In answer, the teacher started to explain that monkeys had evolved from still lower forms of life. It was a long process with smaller animals making adaptations, adding features, becoming larger. It all sounded quite vague and fuzzy, as she painted the picture of a planet teeming with life of various kinds, widely dispersed, and being driven by this engine of evolution.
I tried to stay on track with her. Then she made the jump that I was expecting – she started talking about life emerging from the primitive seas. Single-celled life forms that began to replicate and pass their DNA on to the next generation. She paused when she saw me starting to shake my head.
“Wait a sec,” I said. “You’re getting ahead of me, or perhaps more precisely, you’re moving back too far. I’ll grant you that life first began in the seas, but even if I grant you the ‘primordial soup’ theory, you’re still making quite a jump. What I want to focus on are the first male and female land mammals. If we wind the clock back, there must be a point on the early Earth in which there are no mammals walking the land. None whatsoever. Whatever life exists, it hasn’t yet evolved to sexually reproducing, warm-blooded mammals. Before that point, maybe there’s life in the sea, but the land is barren; after that point, the land begins to get populated. You with me?”
“I’d like to know what model science has to explain how that first began. That first couple.”
She was still formulating an answer, so I pressed on. “I can understand that once you have thousands of fully functioning mammals that over time they may begin to change, especially if subjected to some environmental challenge. That makes perfect sense, whether it is directed by the genes, as I believe was designed into them, or whether it’s a random process. But tell me how the first pair appeared on the land.”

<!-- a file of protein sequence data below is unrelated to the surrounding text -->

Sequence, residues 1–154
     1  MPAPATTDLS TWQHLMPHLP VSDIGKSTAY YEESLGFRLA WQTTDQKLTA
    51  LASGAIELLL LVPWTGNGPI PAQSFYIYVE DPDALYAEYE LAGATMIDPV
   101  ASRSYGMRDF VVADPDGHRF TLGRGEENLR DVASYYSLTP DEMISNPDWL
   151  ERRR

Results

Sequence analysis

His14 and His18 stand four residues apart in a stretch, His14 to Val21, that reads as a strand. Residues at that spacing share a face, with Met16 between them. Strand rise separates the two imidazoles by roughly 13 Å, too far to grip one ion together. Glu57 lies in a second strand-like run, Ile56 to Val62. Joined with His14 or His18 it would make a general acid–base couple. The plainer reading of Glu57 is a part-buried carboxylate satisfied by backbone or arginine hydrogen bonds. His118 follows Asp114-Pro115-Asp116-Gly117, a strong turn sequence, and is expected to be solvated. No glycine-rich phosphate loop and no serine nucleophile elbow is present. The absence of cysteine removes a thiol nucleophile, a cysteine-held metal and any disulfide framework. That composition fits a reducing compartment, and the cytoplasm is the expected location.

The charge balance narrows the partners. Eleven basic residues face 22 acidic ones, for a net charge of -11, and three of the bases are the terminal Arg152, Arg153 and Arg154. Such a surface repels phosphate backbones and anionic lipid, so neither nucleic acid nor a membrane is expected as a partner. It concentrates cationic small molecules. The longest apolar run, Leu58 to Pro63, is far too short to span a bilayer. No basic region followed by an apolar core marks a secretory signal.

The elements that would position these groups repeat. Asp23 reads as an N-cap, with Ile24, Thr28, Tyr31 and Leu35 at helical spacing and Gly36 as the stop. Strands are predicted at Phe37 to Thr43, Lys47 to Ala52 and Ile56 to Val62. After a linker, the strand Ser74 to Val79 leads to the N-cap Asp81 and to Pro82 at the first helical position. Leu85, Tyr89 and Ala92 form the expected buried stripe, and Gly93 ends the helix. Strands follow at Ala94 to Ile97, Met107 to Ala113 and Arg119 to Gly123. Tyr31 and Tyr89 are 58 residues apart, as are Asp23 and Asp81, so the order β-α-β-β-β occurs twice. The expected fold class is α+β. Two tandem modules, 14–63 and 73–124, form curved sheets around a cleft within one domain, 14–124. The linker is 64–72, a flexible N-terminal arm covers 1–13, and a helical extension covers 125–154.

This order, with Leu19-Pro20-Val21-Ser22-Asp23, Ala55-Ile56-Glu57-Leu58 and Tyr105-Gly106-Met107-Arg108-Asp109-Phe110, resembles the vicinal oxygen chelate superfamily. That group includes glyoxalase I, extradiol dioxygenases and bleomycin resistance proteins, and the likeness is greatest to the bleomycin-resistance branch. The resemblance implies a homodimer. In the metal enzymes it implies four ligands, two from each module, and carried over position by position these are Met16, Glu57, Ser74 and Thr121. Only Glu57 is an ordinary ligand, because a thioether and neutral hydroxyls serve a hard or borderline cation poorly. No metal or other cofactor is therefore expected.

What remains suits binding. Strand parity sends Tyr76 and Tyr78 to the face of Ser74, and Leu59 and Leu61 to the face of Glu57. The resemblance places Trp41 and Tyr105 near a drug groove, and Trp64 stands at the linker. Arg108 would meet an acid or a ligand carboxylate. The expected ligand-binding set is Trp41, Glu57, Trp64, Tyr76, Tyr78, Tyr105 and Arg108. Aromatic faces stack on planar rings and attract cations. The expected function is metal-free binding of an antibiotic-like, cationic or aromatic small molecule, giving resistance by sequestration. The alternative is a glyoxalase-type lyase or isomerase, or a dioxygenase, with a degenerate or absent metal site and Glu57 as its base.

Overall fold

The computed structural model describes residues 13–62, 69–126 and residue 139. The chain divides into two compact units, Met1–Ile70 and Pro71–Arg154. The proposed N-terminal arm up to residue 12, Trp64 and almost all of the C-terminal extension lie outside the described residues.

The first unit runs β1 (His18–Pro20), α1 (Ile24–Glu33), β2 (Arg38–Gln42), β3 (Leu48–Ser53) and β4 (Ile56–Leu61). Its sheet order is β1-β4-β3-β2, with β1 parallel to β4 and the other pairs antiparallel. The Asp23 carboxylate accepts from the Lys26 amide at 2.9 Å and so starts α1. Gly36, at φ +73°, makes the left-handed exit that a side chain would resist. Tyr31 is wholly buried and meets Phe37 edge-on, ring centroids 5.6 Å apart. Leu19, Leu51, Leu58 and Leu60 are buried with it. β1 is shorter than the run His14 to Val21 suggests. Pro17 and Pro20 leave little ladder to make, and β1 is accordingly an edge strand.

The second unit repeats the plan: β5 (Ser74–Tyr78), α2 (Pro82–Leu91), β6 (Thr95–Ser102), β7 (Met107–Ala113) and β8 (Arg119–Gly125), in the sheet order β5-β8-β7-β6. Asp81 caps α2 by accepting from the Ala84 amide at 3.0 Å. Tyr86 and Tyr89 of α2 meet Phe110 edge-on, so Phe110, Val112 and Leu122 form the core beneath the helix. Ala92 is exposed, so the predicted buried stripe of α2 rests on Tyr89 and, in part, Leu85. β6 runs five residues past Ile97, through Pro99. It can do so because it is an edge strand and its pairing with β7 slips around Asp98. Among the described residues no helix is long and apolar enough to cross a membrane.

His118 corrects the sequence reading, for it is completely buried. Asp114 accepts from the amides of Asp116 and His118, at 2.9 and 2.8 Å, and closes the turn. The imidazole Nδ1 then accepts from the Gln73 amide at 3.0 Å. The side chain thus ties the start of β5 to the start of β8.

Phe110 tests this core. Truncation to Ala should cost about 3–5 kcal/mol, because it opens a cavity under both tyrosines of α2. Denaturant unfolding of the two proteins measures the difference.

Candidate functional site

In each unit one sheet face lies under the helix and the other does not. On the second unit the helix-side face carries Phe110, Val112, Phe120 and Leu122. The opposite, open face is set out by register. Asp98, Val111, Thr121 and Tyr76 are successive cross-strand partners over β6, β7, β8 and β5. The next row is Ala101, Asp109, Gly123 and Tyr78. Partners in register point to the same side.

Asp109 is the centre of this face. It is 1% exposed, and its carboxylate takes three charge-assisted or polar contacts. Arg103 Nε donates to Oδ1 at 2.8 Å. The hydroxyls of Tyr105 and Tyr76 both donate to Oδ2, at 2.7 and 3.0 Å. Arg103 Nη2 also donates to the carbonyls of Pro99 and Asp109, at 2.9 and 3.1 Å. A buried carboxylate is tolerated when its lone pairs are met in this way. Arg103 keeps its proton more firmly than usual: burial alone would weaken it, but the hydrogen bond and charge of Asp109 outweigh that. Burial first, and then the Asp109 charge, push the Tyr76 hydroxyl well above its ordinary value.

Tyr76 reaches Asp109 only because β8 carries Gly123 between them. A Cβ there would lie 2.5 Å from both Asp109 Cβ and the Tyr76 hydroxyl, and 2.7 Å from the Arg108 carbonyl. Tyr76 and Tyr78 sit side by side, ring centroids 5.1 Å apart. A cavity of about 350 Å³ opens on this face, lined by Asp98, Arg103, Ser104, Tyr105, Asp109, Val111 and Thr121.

I was hoping to get an answer, because I had been wondering for a while how Darwinists made sense of that rather large step, from single-celled asexually reproducing life to complex, sexually producing mammals. But it was not to be. “Coach.” We both looked in the direction of the voice. The bio teacher was also a coach, and someone was trying to get her attention. She smiled and said, “Let’s continue this later.” Was that a look of relief that crossed her features? Probably, I eventually decided. We never did finish the conversation.
Perhaps Darwinists have a plausible model for this transition, but I have yet to hear it. Instead, what I have heard is always along the lines of what’s recounted above – vague and fuzzy references to a planet teeming with evolving life, and then a jump to the oceans, where DNA first appears. But this jump appears to be a “just so” story, with a vague promise that someday science will make it all clear, will discover these missing links that just “must be there.” But common sense, and reason, tell me that when those original sexually reproducing mammals first appeared on Earth, they were able to reproduce in that fashion immediately, making use of an incredibly complex and interdependent system, a system that has all the hallmarks of design. And a system that couldn’t take long periods of time to evolve because, unless it’s working properly and completely on day one, there won’t be a next-generation upon which evolution could act.
Perhaps, like Frank Turek puts it, I just don’t have enough faith to be an atheist. Until I do, then, I guess I’ll just keep believing that the incredible complexity of life is what it appears to be – the telltale sign of an intelligent designer that set it all in motion for a purpose. After all, every time I see a complex, highly organized, interdependent system – like a watch or a plane or a car – I don’t struggle trying to figure out how it assembled itself. So, why do people struggle so hard when it comes to something even more complex – like life?
Recommended resources related to the topic:
Stealing From God by Dr. Frank Turek (Book)
God’s Crime Scene: The Case for God’s Existence from the Appearance of Design (mp4 Download Set) by J. Warner Wallace
God’s Crime Scene: The Case for God’s Existence from the Appearance of Design in Biology DVD Set by J. Warner Wallace
Al Serrato earned his law degree from the University of California at Berkeley in 1985. He began his career as an FBI special agent before becoming a prosecutor in California, where he continues to work. An introduction to CS Lewis’ works sparked his interest in Apologetics, which he has pursued for the past three decades. He got his start writing Apologetics with J. Warner Wallace and Pleaseconvinceme.com.